*If I take a fixed bid contract, I generally error on the side of overbidding. This allows padding for things like QA, small changes, App Store submission, etc. Given the high bid, your client might baulk at the contract and attempt to outsource to India himself, where he will eventually spend double.
Time And Materials: Pros
- *Your work is always compensated
*Given that you are getting paid per hour, you can always count on a steady stream of revenue coming in. This is very comforting to developers since you know you will always get paid the rate you want for the work you do.
- *Landing contracts can be easier
*Clients don’t always know what they want up front and the idea of not committing to a certain dollar amount is sometimes comforting. It also gives them MUCH MORE freedom to make changes and pivot down the road.
- *It gives clients the freedom to prioritize features
*This is one of the biggest selling points that clients appreciate when I sell a time and materials contract. Given that my team follows a version of the agile development methodology, clients love that they have some insight as to how much each feature roughly costs. They can see the estimates and translate that into cost. If they feel a less important feature is too costly, they can prioritize the backlog to get more (less complex) features for the same price.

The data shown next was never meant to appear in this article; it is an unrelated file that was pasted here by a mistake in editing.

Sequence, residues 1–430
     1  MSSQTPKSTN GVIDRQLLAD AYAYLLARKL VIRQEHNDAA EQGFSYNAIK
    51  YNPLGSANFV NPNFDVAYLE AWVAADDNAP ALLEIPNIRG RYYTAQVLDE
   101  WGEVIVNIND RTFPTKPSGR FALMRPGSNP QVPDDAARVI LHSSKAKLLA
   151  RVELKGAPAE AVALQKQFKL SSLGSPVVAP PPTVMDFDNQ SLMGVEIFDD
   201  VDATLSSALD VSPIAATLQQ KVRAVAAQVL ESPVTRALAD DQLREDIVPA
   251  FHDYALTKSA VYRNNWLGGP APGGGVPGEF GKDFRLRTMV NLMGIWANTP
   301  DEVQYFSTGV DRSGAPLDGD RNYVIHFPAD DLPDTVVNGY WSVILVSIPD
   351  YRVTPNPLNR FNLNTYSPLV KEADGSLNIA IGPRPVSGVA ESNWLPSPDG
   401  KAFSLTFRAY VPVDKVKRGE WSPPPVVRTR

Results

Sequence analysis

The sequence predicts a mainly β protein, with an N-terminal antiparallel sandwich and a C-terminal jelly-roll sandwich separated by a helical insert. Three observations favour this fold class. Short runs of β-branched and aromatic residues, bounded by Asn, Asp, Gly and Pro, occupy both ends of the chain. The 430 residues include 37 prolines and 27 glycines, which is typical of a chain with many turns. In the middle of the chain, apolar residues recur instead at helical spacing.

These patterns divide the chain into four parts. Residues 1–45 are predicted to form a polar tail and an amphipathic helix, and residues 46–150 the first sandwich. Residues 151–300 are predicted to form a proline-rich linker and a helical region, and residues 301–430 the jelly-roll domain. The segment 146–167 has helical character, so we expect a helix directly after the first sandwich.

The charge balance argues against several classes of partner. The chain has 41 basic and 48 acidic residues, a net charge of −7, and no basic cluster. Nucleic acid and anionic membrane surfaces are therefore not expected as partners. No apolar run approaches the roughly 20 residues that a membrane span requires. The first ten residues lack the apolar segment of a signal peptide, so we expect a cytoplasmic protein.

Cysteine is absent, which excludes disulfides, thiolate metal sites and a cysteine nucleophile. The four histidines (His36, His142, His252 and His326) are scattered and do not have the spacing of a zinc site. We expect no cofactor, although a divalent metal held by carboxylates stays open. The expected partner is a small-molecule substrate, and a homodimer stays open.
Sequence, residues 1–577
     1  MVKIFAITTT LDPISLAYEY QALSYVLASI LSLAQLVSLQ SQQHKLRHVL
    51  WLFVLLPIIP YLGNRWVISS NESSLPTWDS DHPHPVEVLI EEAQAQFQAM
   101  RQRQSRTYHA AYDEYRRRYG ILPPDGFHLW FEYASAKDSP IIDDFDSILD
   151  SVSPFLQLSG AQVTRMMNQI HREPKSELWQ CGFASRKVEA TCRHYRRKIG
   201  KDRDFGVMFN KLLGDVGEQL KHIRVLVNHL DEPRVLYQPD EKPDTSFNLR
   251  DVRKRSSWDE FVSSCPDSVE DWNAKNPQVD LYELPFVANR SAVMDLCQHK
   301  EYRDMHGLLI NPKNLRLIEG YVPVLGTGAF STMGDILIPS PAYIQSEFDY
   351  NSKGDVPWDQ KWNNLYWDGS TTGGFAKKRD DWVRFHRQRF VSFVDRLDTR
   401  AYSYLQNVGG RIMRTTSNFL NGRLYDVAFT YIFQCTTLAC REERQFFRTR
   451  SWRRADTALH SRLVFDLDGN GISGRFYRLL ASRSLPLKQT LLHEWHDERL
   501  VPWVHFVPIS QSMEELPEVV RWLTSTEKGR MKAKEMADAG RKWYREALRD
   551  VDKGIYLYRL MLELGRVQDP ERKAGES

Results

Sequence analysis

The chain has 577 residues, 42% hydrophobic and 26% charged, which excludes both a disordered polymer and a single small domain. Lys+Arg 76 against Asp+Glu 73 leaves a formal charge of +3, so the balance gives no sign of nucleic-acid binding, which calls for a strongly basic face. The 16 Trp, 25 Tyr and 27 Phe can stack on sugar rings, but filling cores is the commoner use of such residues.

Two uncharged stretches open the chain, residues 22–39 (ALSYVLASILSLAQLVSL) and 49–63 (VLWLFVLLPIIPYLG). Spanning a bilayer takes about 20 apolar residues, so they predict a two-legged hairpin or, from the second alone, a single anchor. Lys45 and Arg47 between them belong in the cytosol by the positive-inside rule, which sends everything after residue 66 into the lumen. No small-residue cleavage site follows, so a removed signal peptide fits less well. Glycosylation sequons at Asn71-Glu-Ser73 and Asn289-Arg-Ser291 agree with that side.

- *Less Risk
*Since you are only selling the client your time, you don’t necessarily owe them anything except work. Most of the time, time and materials contracts don’t even have an official scope of work attached.
Time And Materials: Cons
- *It doesn’t scale
*You can never make more money than your time will allow. If you charge $100/hour and work 40 hours/week, then you can never make more than $4,000/week unless you work more.
- *You are a commodity
*The client doesn’t so much look at you as someone who is providing them a solution as they do a “resource”. You are perceived as less valuable and therefore could easily be replaced.
- *More Risk
*I know this type of contract is listed as less of a risk above, but there is also some riskiness to it. If you get in the weeds on a task or start introducing too many bugs, the client might feel that you are misleading them or incapable of performing and you risk getting released from the project.
While I have only scratched the surface in comparing these two types of contracts, I hope you have a better understanding about which route to pursue for you. My advice is to not be too rigid stating “I’m only going to use contract type X forever” because each contract situation may vary. Use your best judgement and make the decision that is best suited for each individual project and client. At some point in the future, I will post a few tips for making this decision based on some factors, but that is for a later date.
Until then, happy consulting!
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31 Mar 2014